General Francisco Franco was the leader of the victorious faction in the Spanish Civil War that ended in 1939 after three years of bloody fighting. He kept the country under his dictatorial rule until his death on November 20, 1975, and was buried at the Valle de los Caídos. North of Madrid and not far from the Spanish kings’ tombs at El Escorial monastery, this Valley of the Fallen is a nondescript and gigantic monument-cum-basilica with a monastery and cross, whose construction Franco ordered and guided. The Valle’s original purpose seems to have been that of a burial place for the fallen of both sides and as a willful sign of late reconciliation and forgiveness.

Most Spanish and foreign public opinion, while paying little attention to the almost forgotten monument, has nevertheless kept it associated with Franco and his legacy. This association deepened when the basilica became the burial place not only for the dictator but also for José Antonio Primo de Rivera, the founder of the Italian-style fascist party Falange who was executed by the Republican side at the beginning of the Civil War. His original resting place had for decades been the church at the El Escorial monastery, which speaks volumes about the macabre rigmarole of musical coffins Spaniards played in the wake of the Civil War.

Franco´s appointed successor as king of Spain, Juan Carlos I, proved from the very onset of his mandate to be a convinced reformist who decided to bring freedom and democracy to the country. A process of transition from authoritarian rule to democracy was launched, and in a short period of time, one of the most successful and peaceful experiments occurred. Political parties, banned during Franco´s time, were given legal status; the first democratic elections held in Spain since 1936 were convened in June 1977, barely a year and a half after Franco´s death; the Spanish Constitution, drafted by the newly elected parliament, was approved in December 1978 and massively endorsed by national referendum; by 1976, Spain had already adhered to the Universal Declaration of Human Rights; in due time, the country would become a full member of the Council of Europe, NATO, and the European Union. These remarkable achievements, which became known as the signposts of the “Spanish Transition to Democracy,” were undoubtedly the result of King Juan Carlos I’s enlightened leadership, Prime Minister Adolfo Suarez, and the Spanish people’s overwhelming drive and desire to live in a free and democratic country.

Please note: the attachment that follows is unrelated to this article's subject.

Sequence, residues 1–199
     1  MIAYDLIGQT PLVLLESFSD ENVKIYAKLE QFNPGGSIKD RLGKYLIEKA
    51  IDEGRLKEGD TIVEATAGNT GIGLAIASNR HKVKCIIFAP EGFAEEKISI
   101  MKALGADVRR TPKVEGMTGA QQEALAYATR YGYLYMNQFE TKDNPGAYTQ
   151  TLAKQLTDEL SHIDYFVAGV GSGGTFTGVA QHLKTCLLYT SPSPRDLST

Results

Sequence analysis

The “Transition,” known in Spanish as “la Transición,” was made possible by an unwritten pact of forgiveness and forgetting among those who fought in the Civil War and those whose allegiances still remained attached to either one of the two sides. The word reconciliation naturally comes to mind when rendering the history of those times. Among other things, reconciliation allowed political parties on the center-right or center-left of the spectrum to come to power, while offering new possibilities of representation to the different regional sensitivities and pluralities in a new constitutional setup not very different from the federal format. “Never again” a civil war, regardless of the natural differences of opinion and ideas, was very much the motto which had played this miraculous role. Not many people cared about where Franco was buried.